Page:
So My Kid is Addicted To... Lemonade?

As we enter the Holiday Season and our kids begin asking for the newest technology, now might be a good time to start discussing some of the worries we parents have around these requests.  Namely how we can better manage our kids’ use of said technology. This is obviously a concern for many parents these days as technology seems to grow more captivating by the minute. Parents I talk to are frantically trying to get a handle on how to manage their children’s video game play or screen usage, which is is not an easy task. Having the right philosophy and a strong plan around limit setting can help us stay grounded, even when the landscape of technology is constantly shifting under our feet. So here are some ways of thinking about screens/video games that I share with parents. Since this topic is so broad, I’ve broken it into two posts. 

I feel I have to start with my thoughts on addiction, as this is usually what parents worry most about when it comes to screen time and video game play. The fears that our kids will become addicted has a strong effect on parents’ approach to setting limits. A more informed perspective on addiction and the risks involved can help us make better decisions.

Two types of addiction

There are two types of addiction, physical and mental. Psychology Today does a good job defining both types of addiction. Over the past twenty years, researchers have attempted to link the rush of game play to a release of endorphins in the body, however, there is no clear evidence to indicate that video games cause physical addiction in its users. Mental addiction, or the feeling like you just need something, usually in response to emotional stress, is the right way for us to think about how kids are affected by video games and screen use. Let me explain with a story.


Am I addicted to lemonade?

Several years ago I was speaking to a class of fifth graders in an all boy’s school. After describing the two types of addiction, a boy raised his hand and said that his mom often buys sparkling lemonade and he likes it a lot. He went on to say that when he has a stressful day at school he will come home and pour himself a large glass of lemonade and this makes him feel better. With the utmost sincerity he asked, “Am I addicted to lemonade?”.

After settling down the classroom from hysterics at the absurdity of the question, I realized that it was not at all absurd. In fact, one could argue that the boy was addicted to lemonade. Taking this a bit further one could make the argument that we all are mentally addicted to something. Whether it’s watching Real Housewives of NJ, exercise, reading the news, or playing video games, all these activities help us to shake off the stress of the day. We often use the prospect of unwinding to a TV show or a good book in order to get us through a rough day.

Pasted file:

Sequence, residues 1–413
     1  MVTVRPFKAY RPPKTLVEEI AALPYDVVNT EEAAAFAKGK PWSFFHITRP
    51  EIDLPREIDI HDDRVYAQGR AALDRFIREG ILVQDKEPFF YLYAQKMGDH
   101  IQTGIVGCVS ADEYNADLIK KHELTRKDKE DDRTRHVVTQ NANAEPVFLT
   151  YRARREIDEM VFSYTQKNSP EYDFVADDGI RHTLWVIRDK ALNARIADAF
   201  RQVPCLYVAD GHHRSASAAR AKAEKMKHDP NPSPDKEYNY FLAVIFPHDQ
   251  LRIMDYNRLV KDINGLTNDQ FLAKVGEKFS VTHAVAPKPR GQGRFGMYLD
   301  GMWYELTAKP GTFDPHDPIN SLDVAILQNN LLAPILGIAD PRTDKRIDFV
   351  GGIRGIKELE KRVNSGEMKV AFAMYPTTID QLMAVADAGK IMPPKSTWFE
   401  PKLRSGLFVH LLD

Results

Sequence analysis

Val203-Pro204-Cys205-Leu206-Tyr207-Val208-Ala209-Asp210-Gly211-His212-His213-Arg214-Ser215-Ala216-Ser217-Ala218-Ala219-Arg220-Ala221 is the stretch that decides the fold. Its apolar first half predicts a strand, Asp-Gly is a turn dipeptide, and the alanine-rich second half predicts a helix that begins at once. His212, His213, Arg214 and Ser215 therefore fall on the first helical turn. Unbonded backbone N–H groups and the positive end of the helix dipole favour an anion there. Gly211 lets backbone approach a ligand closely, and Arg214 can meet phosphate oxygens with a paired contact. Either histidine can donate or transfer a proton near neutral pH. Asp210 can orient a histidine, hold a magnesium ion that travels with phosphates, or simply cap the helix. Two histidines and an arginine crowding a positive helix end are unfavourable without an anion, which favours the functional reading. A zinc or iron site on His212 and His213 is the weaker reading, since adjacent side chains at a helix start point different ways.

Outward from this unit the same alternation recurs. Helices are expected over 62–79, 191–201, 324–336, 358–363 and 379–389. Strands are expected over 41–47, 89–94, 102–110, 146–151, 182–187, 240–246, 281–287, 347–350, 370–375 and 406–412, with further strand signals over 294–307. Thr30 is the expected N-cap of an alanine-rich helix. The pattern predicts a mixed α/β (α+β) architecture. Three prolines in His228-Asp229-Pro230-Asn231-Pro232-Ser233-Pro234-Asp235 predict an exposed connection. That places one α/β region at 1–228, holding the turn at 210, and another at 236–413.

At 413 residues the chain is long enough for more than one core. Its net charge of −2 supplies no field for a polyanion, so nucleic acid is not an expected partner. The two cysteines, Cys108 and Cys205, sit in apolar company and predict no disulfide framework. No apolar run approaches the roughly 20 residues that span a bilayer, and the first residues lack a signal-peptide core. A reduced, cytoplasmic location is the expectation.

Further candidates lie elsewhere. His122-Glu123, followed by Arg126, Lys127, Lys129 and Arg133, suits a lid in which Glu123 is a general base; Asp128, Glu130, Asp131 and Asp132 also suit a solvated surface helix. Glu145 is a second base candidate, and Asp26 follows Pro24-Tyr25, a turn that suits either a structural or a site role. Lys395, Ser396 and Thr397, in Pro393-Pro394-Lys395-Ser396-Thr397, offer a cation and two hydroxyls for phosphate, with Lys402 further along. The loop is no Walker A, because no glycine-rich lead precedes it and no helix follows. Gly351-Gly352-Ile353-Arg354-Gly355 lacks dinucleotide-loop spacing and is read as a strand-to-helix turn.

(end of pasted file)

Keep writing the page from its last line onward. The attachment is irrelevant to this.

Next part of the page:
Am I saying we should just let our kids use as much technology as they want because they’re stressed? Hell no! I make this point more for us to consider that while video games or iPad apps may not be our chosen form of stress relief, is it fair to judge or label our kids as addicts simply for their passion and fascination? Probably a more neutral way to judge whether there is a problem is for us to focus on what our kids do and do not do as a result of game play.

Taking care of your business

The first thing I ask parents when they tell me their child has a video game/technology addiction is “Do they take care of their business?”. Are they doing their homework, chores, and other responsibilities? If they are not doing what they’re supposed to do, then I still usually see video games/screens as secondary issues. The primary issues often have to do with difficulties in learning, defiance, attention issues, or parents lacking a clear and executable plan around limit setting (we’ll get back to this last one).

If kids are doing what they’re supposed to do, then the question becomes how much time is too much for games/screens? This is a much tougher question to answer and I feel the answer is as personal as politics or religion. So, I’m not going to suggest a certain time limit for screen use. I will say that my own unscientific and anecdotal observations of my kids regarding screen use suggests a direct correlation between the amount of time they play and their irritable mood afterwards. In other words, the more they play/watch screens the worse they seem to behave and this negative mood usually persists long after their initial upset at having to turn the screens off.

The American Academy of Pediatrics has recently given more specific guidelines on how much screen time is too much, so perhaps this will help.

Putting aside some of the emotional knee jerk reactions we have around addiction can make limit setting a little easier. There are, however, many things that kids do around our attempts to set limits regarding screen time that look a lot like addiction, but are actually just annoying. The sister post will focus on kids’ behaviors around setting screen limits that drive parents nuts, as well as suggestions for setting lasting limits that take into consideration both our children’s passions and what’s good for them.